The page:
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Re: Planting Garlic in Zone 9b

To tell if the garlic in a store is domestic or imported garlic just check the bottom of the bulb. If it still has roots attached then you know for sure it was grown in the US. If the roots have been scooped out then it could be imported as all imported garlic must have its roots removed.

-Rodney

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MockY
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Location: Sacramento, Zone 9b

Re: Planting Garlic in Zone 9b

Thanks for the input people. I have cabbage and radishes growing in the same bed, so I will only cover that half side of the bed once frost rolls along, and leave the garlic side exposed to the elements.

rainbowgardener: I bought the Inchelium Red from Highmowingseeds.com and they don't state whether they are vernalized or not. No other information than to plant the cloves and enjoy a half a year later. I guess we'll see what happens. It's always a first for everything.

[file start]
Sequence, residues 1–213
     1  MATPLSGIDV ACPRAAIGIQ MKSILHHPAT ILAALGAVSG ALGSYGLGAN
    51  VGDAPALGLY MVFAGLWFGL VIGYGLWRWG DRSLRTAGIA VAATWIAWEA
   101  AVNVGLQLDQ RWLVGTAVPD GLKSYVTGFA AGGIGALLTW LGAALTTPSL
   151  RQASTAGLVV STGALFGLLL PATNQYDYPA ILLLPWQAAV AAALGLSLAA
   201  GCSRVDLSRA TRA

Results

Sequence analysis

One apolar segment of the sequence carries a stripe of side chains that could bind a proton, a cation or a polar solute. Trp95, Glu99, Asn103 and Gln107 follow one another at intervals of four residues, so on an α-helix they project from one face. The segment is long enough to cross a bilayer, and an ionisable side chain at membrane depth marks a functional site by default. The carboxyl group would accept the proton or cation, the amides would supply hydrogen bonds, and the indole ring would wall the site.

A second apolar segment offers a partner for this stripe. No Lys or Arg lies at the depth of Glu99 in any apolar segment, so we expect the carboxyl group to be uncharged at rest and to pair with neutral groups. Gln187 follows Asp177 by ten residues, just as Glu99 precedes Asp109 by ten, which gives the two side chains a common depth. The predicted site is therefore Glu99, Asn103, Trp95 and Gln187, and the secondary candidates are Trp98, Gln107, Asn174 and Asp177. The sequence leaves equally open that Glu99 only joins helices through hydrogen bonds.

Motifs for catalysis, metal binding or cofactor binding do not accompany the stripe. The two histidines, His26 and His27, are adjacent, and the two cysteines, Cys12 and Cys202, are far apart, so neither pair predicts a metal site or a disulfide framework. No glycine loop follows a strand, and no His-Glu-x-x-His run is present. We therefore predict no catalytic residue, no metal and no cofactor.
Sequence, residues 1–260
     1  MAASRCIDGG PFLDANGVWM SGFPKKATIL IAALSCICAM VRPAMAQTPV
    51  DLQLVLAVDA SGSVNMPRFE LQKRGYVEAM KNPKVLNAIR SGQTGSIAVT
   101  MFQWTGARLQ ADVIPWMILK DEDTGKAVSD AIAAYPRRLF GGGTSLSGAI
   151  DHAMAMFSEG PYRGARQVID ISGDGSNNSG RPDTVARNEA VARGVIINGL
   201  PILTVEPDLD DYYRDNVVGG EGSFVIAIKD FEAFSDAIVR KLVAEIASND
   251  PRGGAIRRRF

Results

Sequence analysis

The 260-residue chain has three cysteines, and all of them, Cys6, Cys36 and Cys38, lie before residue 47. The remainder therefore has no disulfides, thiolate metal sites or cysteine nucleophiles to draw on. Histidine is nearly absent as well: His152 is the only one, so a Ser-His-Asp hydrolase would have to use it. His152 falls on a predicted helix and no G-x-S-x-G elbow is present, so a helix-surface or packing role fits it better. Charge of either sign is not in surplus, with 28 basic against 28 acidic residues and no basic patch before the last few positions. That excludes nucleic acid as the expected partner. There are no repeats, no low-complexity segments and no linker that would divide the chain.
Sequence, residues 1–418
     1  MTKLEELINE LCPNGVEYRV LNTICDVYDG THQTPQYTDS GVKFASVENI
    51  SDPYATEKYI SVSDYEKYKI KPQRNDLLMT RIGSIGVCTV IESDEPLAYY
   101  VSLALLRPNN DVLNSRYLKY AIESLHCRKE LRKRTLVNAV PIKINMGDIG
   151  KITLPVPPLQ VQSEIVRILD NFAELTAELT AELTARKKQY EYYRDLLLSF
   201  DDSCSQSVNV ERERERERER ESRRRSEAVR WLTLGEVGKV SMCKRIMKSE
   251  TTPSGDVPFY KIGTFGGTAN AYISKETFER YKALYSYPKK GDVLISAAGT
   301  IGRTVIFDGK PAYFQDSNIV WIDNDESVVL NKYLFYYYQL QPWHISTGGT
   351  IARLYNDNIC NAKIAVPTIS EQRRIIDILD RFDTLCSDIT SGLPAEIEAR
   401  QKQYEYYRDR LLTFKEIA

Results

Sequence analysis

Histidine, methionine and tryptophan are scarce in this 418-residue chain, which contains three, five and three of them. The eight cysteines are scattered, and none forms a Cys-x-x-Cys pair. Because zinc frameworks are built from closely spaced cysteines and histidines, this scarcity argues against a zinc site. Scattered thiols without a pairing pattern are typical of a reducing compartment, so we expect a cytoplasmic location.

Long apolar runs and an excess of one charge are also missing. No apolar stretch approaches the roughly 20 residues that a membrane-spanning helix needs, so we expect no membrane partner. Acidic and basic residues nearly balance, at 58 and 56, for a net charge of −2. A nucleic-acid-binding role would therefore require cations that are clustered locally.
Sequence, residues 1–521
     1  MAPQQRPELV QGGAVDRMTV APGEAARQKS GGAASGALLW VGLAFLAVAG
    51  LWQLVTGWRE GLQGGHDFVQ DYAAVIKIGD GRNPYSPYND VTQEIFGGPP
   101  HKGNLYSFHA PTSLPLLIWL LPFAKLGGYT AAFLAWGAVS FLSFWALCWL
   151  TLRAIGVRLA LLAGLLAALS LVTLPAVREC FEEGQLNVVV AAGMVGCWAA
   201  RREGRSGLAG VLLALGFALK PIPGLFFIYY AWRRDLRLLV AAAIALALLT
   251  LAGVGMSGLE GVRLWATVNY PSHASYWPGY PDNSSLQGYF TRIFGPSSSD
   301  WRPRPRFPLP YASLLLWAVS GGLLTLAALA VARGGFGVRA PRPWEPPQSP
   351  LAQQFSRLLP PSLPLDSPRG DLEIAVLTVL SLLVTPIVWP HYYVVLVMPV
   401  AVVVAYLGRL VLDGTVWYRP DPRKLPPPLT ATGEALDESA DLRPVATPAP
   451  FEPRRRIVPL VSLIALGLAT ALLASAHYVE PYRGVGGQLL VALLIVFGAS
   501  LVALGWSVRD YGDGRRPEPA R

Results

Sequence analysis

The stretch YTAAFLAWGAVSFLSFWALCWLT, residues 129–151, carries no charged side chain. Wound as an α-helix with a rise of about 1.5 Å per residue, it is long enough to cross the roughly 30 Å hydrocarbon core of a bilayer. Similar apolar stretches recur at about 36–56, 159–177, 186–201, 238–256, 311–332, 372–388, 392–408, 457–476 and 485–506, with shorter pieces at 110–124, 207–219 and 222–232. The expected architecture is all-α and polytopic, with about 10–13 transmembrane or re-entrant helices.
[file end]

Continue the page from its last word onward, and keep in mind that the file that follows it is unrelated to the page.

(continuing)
To celebrate the fact that it is raining properly today for the first time in what seems like 5 years, I figured I'd post how they look like now even though it may not be all too exciting. Almost all have shown sign of life. Note that the irrigation system was set up for the summer crops and will be reconfigured (If I even bother since I so much more prefer hand watering and have no plans on going on vacation next year) or removed at a later date.
2015-11-01 12.52.32.jpg

catgrass
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Re: Planting Garlic in Zone 9b

Unless you have a real hard freeze, you don't need to cover the cabbage, the radish, either.
zone 9 Southwest La.

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jal_ut
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Re: Planting Garlic in Zone 9b

I have been growing garlic for a while now. At first it was try a lot of varieties until I found one that would actually work here. I can say that all garlic varieties do not do well everywhere. Look for something that works there. You might ask other gardeners in the area what varieties they are successful with? Ya, they usually show in the fall and overwinter then take off come spring. They may possibly grow all winter there in zone 9B? Have fun!
Gardening at 5000 feet elevation, zone 4/5 Northern Utah, Frost free from May 25 to September 8 +/-